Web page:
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in those having them, imperatively demand beliefs that Sir W. Hamilton would regard as untrue. A New-Zealand chief, discovering his wife in an infidelity, killed the man; the wife then killed herself that she might join her lover in the other world; and the chief thereupon killed himself that he might go after them to defeat this intention. These two acts of suicide furnish tolerably strong evidence that these New-Zealanders believed in another world to which they could go at will, and fulfill their desires as they did here. If they were asked the justification for this belief, and if the arguments by which they sought to establish it were not admitted, they might still fall back on emotional consciousness as yielding them an unshakable foundation for it. I do not see why a Feejee-Islander, adopting the Hamiltonian argument, should not justify by it his conviction that, after being buried alive, his life in the other world, forthwith commencing at the age he has reached in this, will similarly supply him with the joys of conquest and the gratifications of cannibalism. That he has a conviction to this effect stronger than the religious convictions current among civilized people is proved by the fact that he goes to be buried alive quite willingly; and, as we may presume that his conviction is not the outcome of a demonstration, it must be the outcome of some state of feeling—some "emotional consciousness." Why, then, should he not assign the "facts" of his "emotional consciousness" as "imperatively demanding" this belief? Manifestly, this principle, that "consciousness must be accepted entire," either obliges us to accept as true the superstitions of all mankind, or else obliges us to say that the consciousness of a certain limited class of cultivated people is alone meant. If things are to be believed simply because the facts of emotional consciousness imperatively demand them, I do not see why the actual existence of a ghost in a house is not inevitably implied by the intense fear of it that is aroused in the child or the servant.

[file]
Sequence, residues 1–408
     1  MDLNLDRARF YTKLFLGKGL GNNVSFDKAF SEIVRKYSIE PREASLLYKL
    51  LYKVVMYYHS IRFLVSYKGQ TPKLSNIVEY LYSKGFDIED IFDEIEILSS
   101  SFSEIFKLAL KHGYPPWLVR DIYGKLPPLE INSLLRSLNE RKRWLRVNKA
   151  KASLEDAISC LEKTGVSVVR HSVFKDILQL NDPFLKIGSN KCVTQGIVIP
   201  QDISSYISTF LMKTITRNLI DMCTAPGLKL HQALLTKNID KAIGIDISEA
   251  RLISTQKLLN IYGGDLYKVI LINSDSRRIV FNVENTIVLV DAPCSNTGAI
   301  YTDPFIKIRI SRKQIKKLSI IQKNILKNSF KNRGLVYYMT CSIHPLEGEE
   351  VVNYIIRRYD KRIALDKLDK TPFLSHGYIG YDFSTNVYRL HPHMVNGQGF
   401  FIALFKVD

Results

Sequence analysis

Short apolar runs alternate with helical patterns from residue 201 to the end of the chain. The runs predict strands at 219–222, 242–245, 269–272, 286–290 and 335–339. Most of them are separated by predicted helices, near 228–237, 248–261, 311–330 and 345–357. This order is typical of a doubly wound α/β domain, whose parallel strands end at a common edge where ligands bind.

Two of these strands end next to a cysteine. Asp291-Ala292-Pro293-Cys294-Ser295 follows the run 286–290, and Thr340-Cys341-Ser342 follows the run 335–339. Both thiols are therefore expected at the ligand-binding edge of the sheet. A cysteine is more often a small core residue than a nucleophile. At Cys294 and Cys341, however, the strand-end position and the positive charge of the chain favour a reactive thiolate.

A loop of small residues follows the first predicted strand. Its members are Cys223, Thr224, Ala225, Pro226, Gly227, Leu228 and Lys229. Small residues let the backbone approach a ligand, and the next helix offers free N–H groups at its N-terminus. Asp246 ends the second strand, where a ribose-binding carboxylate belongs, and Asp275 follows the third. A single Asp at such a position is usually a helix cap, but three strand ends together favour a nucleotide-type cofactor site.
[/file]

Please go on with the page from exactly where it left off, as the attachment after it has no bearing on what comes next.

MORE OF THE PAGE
Lastly, and chiefly, I have to deal with Dr. Mansel's statement that "Mr. Spencer, on the other hand, takes these negative inferences as the only basis of religion." This statement is exactly the reverse of the truth, since I have contended, against Hamilton and against him, that the consciousness of that which is manifested to us through phenomena is positive, and not negative as they allege, and that this positive consciousness supplies an indestructible basis for the religious sentiment ("First Principles," § 26). Instead of giving here passages to show this, I may fitly quote the statement and opinion of a foreign theologian. M. le pasteur Grotz, of the Reformed Church at Nismes, writes thus:

"Is Science, then, the natural enemy of Religion? To preserve our religion, must we cry Science down? Why, Science, experimental Science, is now beginning to speak in favor of Religion; and it is Science that is about to reply at once to M. Vacherot and to M. Comte through the mouth of one of the thinkers of our age, Mr. Herbert Spencer."....